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Beginners

a film by Mike Mills

With a surprisingly European sensibility to it, Mike Mills' Beginners is a thoughtful, perplexing look at life, death and the idea of redemption. Starring Ewan McGregor as a man who finds out, a few years after his mother dies, that his 75 year old father is gay, Beginners is a quiet, disarming film that shuffles back and forth between the final months of his out and finally happy elderly father and the present day and a budding relationship with a young French actress, with a smoothness not usually seen in a filmmaker with such little filmmaking experience (one previous feature and a few video shorts). The film may not be great (rather very good if one is checkpointing cheap summations) but it surely is a great surprise nonetheless.

Akin in many of its more melancholy moments to Sofia Coppola's undeservedly maligned film Somewhere, Mills, whose only previous feature film experience was as director on 2005's Thumbsucker, makes his film not only about a man's loss of spirit and eventual rebirth, but also about the magic in the ordinary - about those moments of brief sudden happiness amidst the sadness of life. Like I said, surprisingly European sensibility. If these characters were not speaking English (Laurent of course does toss in some of her native French) one could easily mistake Beginners for something out of modern French cinema - and not to diss American cinema nor overly praise European (there is both gold and crap in both), I mean this in the most complimentary way.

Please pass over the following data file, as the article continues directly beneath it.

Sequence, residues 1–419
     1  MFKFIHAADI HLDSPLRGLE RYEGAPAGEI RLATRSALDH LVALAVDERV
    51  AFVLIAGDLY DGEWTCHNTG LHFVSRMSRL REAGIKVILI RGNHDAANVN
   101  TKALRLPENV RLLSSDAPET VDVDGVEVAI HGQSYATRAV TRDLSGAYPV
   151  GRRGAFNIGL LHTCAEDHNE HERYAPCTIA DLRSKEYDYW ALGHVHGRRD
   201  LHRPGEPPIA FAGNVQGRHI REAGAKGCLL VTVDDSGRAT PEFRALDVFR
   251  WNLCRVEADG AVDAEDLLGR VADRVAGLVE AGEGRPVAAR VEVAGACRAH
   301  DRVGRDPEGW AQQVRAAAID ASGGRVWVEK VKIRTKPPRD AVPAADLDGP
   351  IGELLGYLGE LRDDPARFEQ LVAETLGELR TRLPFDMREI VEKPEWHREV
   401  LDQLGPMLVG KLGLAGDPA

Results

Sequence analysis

With moments of unspoken character development (a thing that has kept the average mainstream moviegoer at arm's length) this cast, the aforementioned McGregor and Laurent, and Christopher Plummer in the plummest of roles as McGregor's out and proud father (as well as a Jack Russell who gets his own dialogue through subtitles), are quietly and (here's that word again) disarmingly frank in their way of dealing with one another. Deceptively empty, this film is filled to the veritable rim with the most subtle of overflowing emotion - both happy and tragic. We know from the beginning that Plummer's aged new gay man will die (in unique voiceover/monologue - replete with visual asides to explain the various time periods - by McGregor) and this will colour our interpretation of the films events weaving through time and space as it were. In some ways this predisposed knowledge makes the film's tragedies even more tragic than they would otherwise be. Like I said, surprisingly European indeed. [07/26/11]

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